Note: I think you code is likely to only work if passed the value of one.

    Tim S.
    Last edited by stahta01; 04-19-2012 at 12:22 PM.
    "Programming today is a race between software engineers striving to build bigger and better idiot-proof programs, and the universe trying to produce bigger and better idiots. So far, the Universe is winning." Rick Cook

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    I've changed my code, and i got this:

    Code:
    #include <stdio.h>
    #include <stdlib.h>
    
    void fatorial(int *number){
        if((*number) == 1){
            return;
        }
        fatorial(((*number)-1) * (*number));
    }
    
    float main(){
        int fat = 0;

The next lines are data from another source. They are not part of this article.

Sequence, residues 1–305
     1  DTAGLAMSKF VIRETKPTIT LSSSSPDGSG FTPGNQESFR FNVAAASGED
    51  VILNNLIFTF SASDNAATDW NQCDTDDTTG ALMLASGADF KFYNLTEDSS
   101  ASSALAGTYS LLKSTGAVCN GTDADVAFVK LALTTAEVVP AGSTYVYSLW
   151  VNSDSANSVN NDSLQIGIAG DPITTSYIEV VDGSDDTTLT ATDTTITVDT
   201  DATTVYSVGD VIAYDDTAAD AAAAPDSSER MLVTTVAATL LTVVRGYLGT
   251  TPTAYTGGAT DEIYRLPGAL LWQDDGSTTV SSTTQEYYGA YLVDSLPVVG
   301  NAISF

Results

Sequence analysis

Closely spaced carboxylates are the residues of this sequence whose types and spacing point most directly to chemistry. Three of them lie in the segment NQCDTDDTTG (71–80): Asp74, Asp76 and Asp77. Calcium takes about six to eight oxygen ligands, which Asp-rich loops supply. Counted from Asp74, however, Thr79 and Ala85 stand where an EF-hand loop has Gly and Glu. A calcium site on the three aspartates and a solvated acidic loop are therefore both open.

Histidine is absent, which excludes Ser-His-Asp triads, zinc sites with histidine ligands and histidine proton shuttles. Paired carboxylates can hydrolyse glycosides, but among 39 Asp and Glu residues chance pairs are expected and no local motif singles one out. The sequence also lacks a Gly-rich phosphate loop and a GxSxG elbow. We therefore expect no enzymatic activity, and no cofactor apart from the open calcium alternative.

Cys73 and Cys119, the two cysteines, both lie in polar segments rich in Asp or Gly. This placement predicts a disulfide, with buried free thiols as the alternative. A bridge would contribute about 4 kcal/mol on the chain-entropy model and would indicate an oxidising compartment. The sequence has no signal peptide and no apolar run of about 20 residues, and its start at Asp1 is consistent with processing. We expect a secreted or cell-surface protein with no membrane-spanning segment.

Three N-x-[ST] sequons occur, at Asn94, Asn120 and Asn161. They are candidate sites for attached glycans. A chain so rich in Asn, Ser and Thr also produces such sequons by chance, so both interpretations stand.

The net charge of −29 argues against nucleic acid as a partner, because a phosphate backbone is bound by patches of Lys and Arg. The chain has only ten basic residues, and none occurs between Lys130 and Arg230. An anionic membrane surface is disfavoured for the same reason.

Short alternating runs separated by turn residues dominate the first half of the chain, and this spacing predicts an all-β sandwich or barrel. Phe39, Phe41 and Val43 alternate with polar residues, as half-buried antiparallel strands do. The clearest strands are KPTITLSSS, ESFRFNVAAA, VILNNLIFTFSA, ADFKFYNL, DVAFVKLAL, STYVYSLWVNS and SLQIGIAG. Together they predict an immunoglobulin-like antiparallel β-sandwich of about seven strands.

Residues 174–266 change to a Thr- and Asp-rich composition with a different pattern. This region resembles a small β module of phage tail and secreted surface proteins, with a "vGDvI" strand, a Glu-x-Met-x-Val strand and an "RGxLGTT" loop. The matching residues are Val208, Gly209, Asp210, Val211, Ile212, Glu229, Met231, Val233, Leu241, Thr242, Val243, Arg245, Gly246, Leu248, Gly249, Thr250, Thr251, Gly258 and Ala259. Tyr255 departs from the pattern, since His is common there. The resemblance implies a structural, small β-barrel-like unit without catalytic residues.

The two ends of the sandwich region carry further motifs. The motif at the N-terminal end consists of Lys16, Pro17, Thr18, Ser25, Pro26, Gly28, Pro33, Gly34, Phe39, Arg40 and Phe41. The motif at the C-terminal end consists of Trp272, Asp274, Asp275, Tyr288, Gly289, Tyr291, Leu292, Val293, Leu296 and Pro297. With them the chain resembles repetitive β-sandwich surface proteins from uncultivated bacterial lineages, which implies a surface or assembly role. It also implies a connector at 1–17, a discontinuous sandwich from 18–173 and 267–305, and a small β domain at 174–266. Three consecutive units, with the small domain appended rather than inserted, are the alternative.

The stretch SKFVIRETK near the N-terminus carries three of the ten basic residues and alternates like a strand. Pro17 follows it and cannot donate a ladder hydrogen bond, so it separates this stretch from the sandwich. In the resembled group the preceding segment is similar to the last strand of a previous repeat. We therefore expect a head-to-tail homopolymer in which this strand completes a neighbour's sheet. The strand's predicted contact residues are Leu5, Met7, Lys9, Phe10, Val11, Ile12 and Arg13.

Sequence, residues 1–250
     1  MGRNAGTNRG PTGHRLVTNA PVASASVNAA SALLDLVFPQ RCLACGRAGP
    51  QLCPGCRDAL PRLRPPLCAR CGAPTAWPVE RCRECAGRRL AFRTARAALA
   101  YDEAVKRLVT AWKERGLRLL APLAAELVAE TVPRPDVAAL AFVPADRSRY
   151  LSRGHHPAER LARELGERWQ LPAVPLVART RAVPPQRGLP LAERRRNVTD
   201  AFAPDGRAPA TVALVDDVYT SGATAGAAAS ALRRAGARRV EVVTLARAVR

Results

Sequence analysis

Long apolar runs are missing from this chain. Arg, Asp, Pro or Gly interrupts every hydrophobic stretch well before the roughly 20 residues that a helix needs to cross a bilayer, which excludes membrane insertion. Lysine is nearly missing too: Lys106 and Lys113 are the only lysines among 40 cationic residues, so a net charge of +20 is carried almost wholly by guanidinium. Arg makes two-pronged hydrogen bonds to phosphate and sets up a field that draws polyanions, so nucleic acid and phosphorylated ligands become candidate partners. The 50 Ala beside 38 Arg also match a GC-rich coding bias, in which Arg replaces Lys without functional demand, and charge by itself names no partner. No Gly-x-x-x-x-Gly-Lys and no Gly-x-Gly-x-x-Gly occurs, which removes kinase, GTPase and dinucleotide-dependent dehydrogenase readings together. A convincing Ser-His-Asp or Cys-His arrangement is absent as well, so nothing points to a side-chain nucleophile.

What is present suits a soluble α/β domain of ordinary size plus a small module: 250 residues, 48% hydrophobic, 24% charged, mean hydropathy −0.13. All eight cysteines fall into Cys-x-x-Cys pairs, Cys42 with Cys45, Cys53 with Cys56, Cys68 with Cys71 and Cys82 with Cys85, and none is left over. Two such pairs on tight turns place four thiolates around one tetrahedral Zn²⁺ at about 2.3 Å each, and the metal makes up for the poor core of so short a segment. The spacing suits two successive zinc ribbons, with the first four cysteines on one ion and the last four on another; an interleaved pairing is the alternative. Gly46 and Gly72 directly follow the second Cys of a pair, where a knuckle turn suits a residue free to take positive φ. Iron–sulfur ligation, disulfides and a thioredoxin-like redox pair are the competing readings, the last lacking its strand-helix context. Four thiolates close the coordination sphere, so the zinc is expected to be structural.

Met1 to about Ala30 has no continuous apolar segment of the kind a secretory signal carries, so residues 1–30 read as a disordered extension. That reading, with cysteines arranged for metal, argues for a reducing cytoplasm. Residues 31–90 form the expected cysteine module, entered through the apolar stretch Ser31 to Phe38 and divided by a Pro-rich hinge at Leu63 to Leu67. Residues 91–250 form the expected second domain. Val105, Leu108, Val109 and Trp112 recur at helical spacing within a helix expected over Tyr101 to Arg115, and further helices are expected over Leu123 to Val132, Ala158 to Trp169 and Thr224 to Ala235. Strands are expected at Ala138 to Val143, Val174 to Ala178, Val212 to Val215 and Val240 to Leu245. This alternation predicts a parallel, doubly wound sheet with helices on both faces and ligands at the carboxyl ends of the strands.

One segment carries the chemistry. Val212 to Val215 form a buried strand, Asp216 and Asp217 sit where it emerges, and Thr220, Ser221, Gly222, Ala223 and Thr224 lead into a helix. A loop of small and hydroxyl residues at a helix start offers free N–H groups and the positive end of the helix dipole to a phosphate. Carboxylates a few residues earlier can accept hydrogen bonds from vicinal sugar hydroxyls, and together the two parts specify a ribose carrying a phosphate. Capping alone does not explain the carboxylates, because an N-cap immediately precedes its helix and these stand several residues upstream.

scanf("%d", &fat);
        fatorial(&fat);
        printf("%d", fat);
    }
    it compiles, it runs, but when i pass the parameters (just one) and type enter it prints "Segmentation fault", some idea, how to fix this one?

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    Decided this post help the user too much; so deleted content.
    Last edited by stahta01; 04-19-2012 at 12:30 PM.
    "Programming today is a race between software engineers striving to build bigger and better idiot-proof programs, and the universe trying to produce bigger and better idiots. So far, the Universe is winning." Rick Cook

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    I get several compile errors when I try to compile your code:
    main.c||In function ‘fatorial’:|
    main.c|8|error: passing argument 1 of ‘fatorial’ makes pointer from integer without a cast|